There is also a lot of mystery surrounding Eurkea, the Seedbearers (who are very creepy, and I just can't get past their name. Yuck!), and Atlantis. Kate was smart to choose a myth that isn't as over-explored as the more common Greek myths. I'm not sure how much she played with it or made it her own, but I can tell you that what ever she did worked--thus far anyway. I'm definitely looking forward to the sequel, especially with the cliffhanger ending. I'm waiting with a bit of trepidation, however, because the second Fallen novel is where the series started to lose it for me. But, as much as I enjoyed Fallen, I liked Teardrop even more so there is no way I'll be able to stay away...more
I'm not sure if The Silver Six is part of a series, but it should be! It is a fun, adventure-packed graphic novel aimed at middle graders.
The story beI'm not sure if The Silver Six is part of a series, but it should be! It is a fun, adventure-packed graphic novel aimed at middle graders.
The story begins by with an explosion that kills a group of promising scientists and then follows our main hero, Phoebe. She is a kick-butt orphan surviving on her own until she is discovered by her enemy and hunted down at school. After she is sent to an orphanage, Phoebe meets up with 5 other kids who have similar stories and the real action begins.
Lieberman has captured a huge range of emotions with just a few words, and it is amazing. The despair of a dystopian society, the anger of youth, the evil of Craven, and the comfort only friends and family can provide is all delivered so naturally--it is one of the best graphic novels I've read....more
Fun and funny immediately came to mind when I was started thinking about Star Wars: Jedi Academy by Jeffrey Brown.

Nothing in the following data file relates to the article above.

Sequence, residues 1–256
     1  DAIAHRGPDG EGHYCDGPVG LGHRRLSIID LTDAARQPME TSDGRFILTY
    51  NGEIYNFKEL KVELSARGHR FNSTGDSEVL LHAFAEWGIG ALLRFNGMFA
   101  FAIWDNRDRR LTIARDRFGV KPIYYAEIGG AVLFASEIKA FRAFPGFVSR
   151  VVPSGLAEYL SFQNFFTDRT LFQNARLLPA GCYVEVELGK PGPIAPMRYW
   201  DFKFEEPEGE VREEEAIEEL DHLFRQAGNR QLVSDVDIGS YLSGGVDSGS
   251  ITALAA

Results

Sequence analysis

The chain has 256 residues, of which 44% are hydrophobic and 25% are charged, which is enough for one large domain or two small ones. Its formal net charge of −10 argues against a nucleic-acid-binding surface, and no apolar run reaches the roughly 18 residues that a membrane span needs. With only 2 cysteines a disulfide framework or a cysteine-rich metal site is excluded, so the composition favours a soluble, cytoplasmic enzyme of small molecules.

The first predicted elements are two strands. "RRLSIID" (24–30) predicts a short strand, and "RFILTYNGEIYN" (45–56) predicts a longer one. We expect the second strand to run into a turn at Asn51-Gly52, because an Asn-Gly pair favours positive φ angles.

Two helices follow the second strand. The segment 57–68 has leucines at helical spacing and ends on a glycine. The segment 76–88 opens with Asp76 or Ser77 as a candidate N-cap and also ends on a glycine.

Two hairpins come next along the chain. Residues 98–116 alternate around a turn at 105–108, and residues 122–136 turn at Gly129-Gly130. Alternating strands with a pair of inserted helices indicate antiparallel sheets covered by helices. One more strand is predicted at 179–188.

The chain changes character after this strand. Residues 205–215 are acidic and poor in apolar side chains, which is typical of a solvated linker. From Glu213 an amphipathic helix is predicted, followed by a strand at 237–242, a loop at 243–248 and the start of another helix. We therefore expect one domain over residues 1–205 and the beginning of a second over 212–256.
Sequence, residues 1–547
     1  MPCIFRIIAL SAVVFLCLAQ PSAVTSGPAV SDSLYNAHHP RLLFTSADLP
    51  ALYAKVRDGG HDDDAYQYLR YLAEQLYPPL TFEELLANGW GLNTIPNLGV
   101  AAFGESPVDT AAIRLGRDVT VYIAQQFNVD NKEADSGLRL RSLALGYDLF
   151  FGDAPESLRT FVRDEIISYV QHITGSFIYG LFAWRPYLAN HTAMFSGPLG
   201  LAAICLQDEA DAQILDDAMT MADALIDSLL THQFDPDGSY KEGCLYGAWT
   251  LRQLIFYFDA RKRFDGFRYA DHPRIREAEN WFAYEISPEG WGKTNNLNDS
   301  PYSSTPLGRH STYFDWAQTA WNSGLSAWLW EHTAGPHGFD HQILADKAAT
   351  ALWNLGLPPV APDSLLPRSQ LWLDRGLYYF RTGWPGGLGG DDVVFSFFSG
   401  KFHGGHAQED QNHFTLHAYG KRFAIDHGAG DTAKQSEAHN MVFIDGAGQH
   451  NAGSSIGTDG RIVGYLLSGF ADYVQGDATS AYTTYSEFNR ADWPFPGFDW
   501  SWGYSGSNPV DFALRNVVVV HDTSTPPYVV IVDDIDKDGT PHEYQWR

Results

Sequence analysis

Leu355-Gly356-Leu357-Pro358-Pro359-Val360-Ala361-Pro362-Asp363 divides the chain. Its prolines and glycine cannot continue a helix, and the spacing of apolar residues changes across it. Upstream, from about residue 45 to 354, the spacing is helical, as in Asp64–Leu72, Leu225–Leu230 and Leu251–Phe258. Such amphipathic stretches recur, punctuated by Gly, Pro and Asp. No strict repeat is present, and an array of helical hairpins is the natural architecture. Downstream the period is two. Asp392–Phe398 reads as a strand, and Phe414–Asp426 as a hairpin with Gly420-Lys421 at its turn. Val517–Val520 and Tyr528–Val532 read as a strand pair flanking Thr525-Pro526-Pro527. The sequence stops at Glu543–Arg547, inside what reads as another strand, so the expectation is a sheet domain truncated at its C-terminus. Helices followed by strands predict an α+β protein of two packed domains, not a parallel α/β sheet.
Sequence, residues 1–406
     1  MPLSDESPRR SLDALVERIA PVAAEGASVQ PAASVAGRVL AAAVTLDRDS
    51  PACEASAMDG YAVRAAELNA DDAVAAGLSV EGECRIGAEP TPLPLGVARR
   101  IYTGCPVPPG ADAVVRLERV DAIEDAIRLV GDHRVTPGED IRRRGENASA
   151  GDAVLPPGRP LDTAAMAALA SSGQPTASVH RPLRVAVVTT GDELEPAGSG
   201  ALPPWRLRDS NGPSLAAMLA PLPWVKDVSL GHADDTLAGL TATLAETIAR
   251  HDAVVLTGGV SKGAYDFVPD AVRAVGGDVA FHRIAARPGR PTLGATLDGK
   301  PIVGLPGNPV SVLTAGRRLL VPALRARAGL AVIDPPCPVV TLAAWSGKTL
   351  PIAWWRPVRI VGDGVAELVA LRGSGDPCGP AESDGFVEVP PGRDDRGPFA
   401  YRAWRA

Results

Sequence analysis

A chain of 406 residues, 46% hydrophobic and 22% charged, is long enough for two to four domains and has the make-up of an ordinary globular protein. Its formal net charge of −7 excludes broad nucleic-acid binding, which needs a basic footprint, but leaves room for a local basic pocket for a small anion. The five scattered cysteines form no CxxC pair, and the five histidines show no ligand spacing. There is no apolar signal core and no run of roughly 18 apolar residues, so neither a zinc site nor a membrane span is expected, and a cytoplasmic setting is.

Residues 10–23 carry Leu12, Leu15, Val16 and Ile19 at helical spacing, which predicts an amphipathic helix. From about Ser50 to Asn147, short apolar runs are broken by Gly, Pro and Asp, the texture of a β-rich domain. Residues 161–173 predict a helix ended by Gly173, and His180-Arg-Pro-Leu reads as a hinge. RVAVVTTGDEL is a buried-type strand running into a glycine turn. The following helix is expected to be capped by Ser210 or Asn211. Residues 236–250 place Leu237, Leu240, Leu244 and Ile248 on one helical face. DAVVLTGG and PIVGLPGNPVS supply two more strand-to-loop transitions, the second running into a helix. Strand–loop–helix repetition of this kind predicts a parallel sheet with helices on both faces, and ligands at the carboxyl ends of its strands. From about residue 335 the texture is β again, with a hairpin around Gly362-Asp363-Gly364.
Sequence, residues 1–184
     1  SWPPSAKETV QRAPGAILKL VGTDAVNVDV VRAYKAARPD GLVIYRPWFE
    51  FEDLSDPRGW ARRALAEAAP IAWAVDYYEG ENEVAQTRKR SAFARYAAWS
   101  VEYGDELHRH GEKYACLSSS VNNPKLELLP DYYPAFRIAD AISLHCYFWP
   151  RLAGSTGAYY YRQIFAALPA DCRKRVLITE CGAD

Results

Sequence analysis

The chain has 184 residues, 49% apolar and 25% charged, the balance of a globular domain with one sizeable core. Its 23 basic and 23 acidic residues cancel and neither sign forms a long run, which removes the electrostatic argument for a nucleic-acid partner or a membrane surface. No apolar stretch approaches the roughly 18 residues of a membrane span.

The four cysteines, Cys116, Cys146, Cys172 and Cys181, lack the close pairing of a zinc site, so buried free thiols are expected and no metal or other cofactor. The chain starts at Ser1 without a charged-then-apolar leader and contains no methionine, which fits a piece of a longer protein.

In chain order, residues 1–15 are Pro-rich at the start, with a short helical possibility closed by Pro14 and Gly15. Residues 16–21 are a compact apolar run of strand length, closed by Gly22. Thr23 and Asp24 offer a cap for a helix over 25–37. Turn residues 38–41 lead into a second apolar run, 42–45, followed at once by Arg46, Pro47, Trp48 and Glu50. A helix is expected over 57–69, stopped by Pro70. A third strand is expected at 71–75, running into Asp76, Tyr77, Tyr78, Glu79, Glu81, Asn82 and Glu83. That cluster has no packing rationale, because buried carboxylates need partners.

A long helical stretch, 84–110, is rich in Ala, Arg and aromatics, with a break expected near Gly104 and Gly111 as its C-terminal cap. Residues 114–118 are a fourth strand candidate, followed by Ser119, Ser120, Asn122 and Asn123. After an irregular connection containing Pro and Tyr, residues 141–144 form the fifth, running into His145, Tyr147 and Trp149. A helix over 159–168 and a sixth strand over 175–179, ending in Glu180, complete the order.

An excellent example of how one doorFun and funny immediately came to mind when I was started thinking about Star Wars: Jedi Academy by Jeffrey Brown.
An excellent example of how one door closing leads to another one opening, Jedi Academy follows Roan, a middle schooler who is devestated to learn that he is not accepted into the Pilot Academy, but has gained admission into the Jedi Acdemy. Readers accompany Roan as he adjusts to a new school away from his family and friends and deals with being a middle schooler.
Both the pictures and dialog in the comics are excellent; they are infused with humor, intelligence, and emotion. In addition to the comics, there are "official documents" from Roan's schooling, like report cards, Roan's journal entries, and his notebook doodles to add even more personality to the book and provide a little more meat into what would otherwise be a super fast read.
Brown does a fabulous job at capturing the characters at middle school age. It's funny to see some of the Sith as the bullies and a wookie as the gym teacher.
Star Wars: Jedi Academy will appeal to any Star Wars fan young or old....more
With a major in Art History and a study abroad in Paris under my belt, I figured Starry Nights is right up my alley. Add in a magical world in which pWith a major in Art History and a study abroad in Paris under my belt, I figured Starry Nights is right up my alley. Add in a magical world in which paintings come to live and I was set to adore Daisy Whitney's new book. Unfortunately, I didn't.
The story is set in Paris, a city obviously well known for all of its art. While the city itself has enough history to enhance any type of magical story, as do the museums Le Louvre and Musee D'Orsay , Whitney doesn't delve into the setting that much. There are brief descriptions of a couple of neighborhoods, but otherwise, Starry Night could have taken place in any museum in any city.
Painting coming to life should be--at the very least--exciting and magical, but I did not feel that excitement in the story. Even as Julien is beginning to fall for the girl in the painting, I found myself beginning not to care. For me, Julien was not relatable, even when he was in love. It made the book get a little cuter, but not enough to encourage me to finish. I got 3/4 of the way through and then skimmed the rest because I didn't feel like forcing myself to go on. The book wasn't so bad that I couldn't bear to finish it, I just have a few other things I want to read and lost the motivation to continue....more